Support the news
David Letterman is leaving television. So are advertising dollars. We'll look at the changes in TV and how today's industry tries to reach you.
Late night’s David Letterman takes his last bow tonight. He’s done. Leaving television. And there’s a bigger “end of an era” tingle in the air. A whole lot of advertisers are backing off television too. The long era of TV ad dominance that began in Mad Men times is definitely winding down. Television itself is fragmenting. People watch whatever, whenever, and blow past the ads. And digital, in its million forms, rises and rises. What’s it all mean for Don Draper-style selling and the way you’re stroked? This hour, On Point: after TV ads. And we’ll say goodbye to David Letterman.
-- Tom Ashbrook
From Tom’s Reading List
The Wall Street Journal: In Advertising Battle, TV Fights Back Against the Web - "Marketers have been moving money, gradually but measurably, away from TV and into digital outlets that promise sophisticated ad targeting and the ability to reach audiences that are eschewing traditional television. Now, the TV empire is striking back. NBCUniversal, owner of channels including USA, Bravo and E!, along with Time Warner Inc.'s Broadcasting and other media companies are touting new tools that they say close the gap with the online players when it comes to data and analytics."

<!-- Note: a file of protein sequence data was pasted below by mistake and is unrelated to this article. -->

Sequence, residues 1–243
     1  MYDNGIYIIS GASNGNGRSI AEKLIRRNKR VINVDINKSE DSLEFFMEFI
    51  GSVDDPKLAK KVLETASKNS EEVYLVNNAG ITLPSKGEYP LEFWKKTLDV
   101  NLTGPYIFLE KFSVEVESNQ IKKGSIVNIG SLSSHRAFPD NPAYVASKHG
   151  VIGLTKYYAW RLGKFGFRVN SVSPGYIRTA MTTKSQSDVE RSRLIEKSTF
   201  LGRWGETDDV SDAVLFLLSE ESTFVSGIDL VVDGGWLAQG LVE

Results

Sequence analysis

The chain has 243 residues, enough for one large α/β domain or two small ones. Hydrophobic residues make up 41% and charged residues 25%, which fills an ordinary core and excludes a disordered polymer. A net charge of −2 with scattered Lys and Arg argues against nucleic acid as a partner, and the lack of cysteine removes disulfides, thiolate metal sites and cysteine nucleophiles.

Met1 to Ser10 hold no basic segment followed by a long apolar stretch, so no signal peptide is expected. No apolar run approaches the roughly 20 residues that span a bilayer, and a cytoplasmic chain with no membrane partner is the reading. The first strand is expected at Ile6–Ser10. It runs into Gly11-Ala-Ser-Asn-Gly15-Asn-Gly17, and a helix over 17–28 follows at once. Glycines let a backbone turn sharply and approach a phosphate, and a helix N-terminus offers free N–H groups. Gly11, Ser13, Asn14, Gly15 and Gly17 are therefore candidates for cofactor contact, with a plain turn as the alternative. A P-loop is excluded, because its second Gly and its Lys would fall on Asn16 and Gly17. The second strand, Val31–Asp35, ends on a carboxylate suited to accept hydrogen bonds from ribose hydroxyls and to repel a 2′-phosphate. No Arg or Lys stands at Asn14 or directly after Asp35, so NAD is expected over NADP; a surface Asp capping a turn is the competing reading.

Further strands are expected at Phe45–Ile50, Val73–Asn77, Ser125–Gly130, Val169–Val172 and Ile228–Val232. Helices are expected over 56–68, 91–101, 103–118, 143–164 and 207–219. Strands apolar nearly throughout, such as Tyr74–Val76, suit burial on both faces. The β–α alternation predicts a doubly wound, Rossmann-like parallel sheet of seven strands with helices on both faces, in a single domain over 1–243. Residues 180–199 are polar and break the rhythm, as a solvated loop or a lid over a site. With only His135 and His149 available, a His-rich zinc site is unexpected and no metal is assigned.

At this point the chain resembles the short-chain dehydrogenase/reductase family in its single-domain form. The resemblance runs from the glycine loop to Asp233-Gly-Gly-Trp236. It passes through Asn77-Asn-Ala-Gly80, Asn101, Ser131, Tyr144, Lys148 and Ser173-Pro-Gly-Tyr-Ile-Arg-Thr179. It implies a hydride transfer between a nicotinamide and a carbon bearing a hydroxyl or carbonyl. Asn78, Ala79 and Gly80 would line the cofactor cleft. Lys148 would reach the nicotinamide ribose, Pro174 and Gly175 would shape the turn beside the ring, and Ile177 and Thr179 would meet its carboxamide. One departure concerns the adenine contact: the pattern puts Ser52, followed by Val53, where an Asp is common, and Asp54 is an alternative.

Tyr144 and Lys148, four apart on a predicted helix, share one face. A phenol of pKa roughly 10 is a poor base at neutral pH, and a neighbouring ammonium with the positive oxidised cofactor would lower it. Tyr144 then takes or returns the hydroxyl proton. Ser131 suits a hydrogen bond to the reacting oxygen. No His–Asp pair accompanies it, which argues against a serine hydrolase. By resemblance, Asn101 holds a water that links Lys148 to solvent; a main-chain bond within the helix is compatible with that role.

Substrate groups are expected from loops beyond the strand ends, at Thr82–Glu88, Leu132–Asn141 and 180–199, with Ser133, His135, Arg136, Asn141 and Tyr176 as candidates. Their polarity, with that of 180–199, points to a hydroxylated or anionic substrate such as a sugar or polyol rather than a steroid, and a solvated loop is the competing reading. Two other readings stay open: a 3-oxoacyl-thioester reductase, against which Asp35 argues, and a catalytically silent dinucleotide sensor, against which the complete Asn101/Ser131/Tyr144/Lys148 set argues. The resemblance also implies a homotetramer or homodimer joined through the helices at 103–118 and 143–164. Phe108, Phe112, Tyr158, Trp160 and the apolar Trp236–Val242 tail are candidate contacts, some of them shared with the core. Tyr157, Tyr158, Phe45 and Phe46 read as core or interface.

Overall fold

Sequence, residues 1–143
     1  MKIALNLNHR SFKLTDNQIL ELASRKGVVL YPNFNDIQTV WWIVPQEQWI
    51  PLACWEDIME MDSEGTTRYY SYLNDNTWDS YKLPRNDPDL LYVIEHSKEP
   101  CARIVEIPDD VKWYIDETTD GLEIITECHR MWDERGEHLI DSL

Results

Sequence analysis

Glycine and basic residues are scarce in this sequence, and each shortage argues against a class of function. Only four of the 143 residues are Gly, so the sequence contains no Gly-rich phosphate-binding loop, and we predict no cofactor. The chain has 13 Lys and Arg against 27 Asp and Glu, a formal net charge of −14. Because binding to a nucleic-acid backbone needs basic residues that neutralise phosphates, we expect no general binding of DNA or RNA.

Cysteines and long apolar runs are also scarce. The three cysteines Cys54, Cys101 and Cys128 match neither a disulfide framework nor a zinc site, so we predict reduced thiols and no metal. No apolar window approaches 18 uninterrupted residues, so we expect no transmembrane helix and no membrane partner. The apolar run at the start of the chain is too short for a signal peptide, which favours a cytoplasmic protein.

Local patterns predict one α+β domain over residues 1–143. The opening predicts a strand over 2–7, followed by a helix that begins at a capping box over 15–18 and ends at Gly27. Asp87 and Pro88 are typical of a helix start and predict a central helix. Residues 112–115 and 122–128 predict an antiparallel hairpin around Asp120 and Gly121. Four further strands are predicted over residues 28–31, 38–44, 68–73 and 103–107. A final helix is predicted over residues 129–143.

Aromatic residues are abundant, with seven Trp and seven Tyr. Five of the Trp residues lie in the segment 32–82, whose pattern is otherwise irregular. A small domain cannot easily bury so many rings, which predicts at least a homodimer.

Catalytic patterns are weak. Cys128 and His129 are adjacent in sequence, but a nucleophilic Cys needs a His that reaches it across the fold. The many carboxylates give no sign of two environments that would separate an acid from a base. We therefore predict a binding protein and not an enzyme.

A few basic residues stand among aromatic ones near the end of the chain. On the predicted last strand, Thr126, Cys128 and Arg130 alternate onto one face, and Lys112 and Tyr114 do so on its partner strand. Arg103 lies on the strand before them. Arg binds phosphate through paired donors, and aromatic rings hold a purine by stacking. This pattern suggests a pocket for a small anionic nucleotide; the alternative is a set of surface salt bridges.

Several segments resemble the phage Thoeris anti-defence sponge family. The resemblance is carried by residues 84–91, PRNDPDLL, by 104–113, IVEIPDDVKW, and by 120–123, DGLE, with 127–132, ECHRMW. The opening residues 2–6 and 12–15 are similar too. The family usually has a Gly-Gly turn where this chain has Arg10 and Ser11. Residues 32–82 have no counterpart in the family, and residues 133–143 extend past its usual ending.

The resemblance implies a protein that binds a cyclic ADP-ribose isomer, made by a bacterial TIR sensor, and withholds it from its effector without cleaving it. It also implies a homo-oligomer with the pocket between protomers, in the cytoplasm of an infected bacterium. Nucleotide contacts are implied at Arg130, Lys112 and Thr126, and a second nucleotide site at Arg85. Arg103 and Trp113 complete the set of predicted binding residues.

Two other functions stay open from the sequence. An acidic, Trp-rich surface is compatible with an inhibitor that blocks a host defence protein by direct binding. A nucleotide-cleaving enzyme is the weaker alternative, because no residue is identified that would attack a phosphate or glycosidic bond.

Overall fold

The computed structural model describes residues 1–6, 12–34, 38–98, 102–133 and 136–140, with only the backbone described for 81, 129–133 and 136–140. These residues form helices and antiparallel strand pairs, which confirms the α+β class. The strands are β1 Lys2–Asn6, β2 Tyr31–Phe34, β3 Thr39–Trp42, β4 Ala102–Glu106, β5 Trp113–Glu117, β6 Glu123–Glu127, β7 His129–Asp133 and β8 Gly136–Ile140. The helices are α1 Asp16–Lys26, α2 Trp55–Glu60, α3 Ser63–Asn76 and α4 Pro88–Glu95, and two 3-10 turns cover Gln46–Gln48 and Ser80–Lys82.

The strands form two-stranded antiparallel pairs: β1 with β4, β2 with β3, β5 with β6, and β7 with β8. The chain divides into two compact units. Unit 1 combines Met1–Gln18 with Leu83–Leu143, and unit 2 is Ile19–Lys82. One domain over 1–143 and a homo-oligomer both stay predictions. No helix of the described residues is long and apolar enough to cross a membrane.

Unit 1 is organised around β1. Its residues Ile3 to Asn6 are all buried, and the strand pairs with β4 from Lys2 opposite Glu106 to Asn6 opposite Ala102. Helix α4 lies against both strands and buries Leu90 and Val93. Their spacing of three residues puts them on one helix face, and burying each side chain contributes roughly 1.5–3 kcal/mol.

Advertising Age: Stung by Millennial Misses, Brands Retool for Gen Z - "Even as the cohort ages and evolves, marketers are still chasing the shadows of millennials' younger selves. Consider the plight of teen retailers such as Abercrombie & Fitch and Aéropostale, which are struggling to revamp their merchandising and marketing approaches to better attract audiences that have already largely outgrown them. Plenty of advertisers, in fact, were caught off guard by the pace at which technology advanced culture."
Salon: David Letterman's brilliant vulnerability: He has always been "naked and afraid" behind that trademark smirk - "Over the course of his show — and in particular the second half of its run — Letterman has displayed a candor that would unimaginable coming from the likes of a bland audience panderer like Leno or Fallon. Letterman is the guy who took his journey through heart surgery and turned the experience into an unprecedented television event, culminating in bringing his medical team on the show to share the stage with him. He’s the one who gave an emotional, bold comeback monologue after 9/11, in which he called what happened in his city “desperately sad” and ended by making fun of Regis Philbin."
Saying Goodbye to David Letterman
Robert Thompson, Professor and Director of Syracuse University's Center for Television and Popular Culture at the Newhouse School of Communication.
This program aired on May 20, 2015.
Support the news